Sickness Unto Death

by: Søren Kierkegaard

Part II.A., Chapter 3 and Appendix

Summary Part II.A., Chapter 3 and Appendix


Chapter 3 explains that sin is not a "negation" but a "position." That is to say, sin is not merely the absence of virtue, but rather a distinct state of being, a condition that human beings willfully take on. Theologians who try to understand sin and other religious concepts in rational terms are mistaken. The essence of Christianity is that God has revealed to human beings that they are living in sin and that faith is the only way to overcome sin. Modern people tend to try to understand everything scientifically. We are in need of a modern Socrates to demonstrate to us how little we really understand--or even can understand--about fundamental concepts like sin and faith.

The Appendix begins with an expression of concern that the account of sin in Chapter 3 may have led the reader to the conclusion that sin is a rare quality. This is not a correct interpretation. Just as there are varying degrees of despair, so are there varying degrees of sin, ranging from a general indifference to religious matters to an outright rebellion against Christ's teachings. Indifference may not seem to be sin in the fullest sense. Nevertheless, it is sin insofar as it involves a failure to accept Christian truth. Kierkegaard criticizes the Church leaders of his day for encouraging people to think that they can be true Christians while living lives of indifference. Church leaders should instead emphasize the difficulty and paradoxicalness of Christ's teachings.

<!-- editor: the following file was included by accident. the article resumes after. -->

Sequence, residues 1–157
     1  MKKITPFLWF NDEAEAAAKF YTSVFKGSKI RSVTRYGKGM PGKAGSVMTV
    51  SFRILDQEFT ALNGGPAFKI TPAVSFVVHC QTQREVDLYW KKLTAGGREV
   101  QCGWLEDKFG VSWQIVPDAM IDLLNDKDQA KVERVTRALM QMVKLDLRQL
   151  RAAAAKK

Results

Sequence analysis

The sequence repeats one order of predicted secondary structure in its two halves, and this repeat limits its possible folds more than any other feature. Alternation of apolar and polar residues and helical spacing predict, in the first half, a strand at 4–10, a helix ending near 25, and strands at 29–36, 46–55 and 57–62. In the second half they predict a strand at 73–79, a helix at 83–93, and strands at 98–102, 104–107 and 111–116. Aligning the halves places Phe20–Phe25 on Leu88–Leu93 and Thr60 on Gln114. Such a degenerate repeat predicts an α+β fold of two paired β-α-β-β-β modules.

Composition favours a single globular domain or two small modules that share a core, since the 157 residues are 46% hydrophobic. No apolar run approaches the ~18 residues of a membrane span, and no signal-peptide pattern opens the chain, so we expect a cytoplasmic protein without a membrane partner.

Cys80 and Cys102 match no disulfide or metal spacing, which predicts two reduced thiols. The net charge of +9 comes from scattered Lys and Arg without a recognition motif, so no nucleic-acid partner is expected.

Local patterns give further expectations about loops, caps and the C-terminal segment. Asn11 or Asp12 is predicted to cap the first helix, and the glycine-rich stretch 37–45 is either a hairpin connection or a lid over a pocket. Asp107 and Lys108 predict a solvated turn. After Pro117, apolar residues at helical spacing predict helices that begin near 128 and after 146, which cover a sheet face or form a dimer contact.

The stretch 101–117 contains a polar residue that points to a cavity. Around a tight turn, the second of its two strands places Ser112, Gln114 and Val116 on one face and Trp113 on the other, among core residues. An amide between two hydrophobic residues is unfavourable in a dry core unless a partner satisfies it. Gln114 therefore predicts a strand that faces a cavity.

Kierkegaard's argument that sin is a "position" recalls Kierkegaard's earlier suggestion (see I.A.b., for instance) that people are responsible for their condition of sinfulness. For Kierkegaard, sin is the condition of rejecting Christ's teaching and failing to pursue faith; it is the condition of remaining in despair even after Christ has shown us how despair may be overcome. Kierkegaard's point is that this condition involves much more than simply failing to live virtuously. It involves a willful refusal to accept Christian truth.

In the course of this discussion, Kierkegaard emphasizes, once again, that the scientific approach to religion is misguided; that Christian teachings are a paradox that insults our rationality; and that modern times are in need of a Socrates (implying perhaps that Kierkegaard is trying to serve as just such a figure--see the discussion of Socrates in the commentary to Chapter 2).

The Appendix clarifies Kierkegaard's understanding of sin. It stresses that, to Kierkegaard's mind, anyone who has been exposed to Christ's teachings and fails to pursue faith is in sin. People who lead petty lives, indifferent to religious issues, may be uninteresting, but they are in sin nonetheless.

Kierkegaard's criticism of church leaders helps to clarify his views on organized religion. For Kierkegaard, religion should be an obsessive, consuming concern. It should also be intensely private, involving internal reflection rather than discussion and ritual. An organized church that makes Christianity a mundane affair or casual commitment is therefore not a true church to Kierkegaard's mind. (See also Part I.C.a.)

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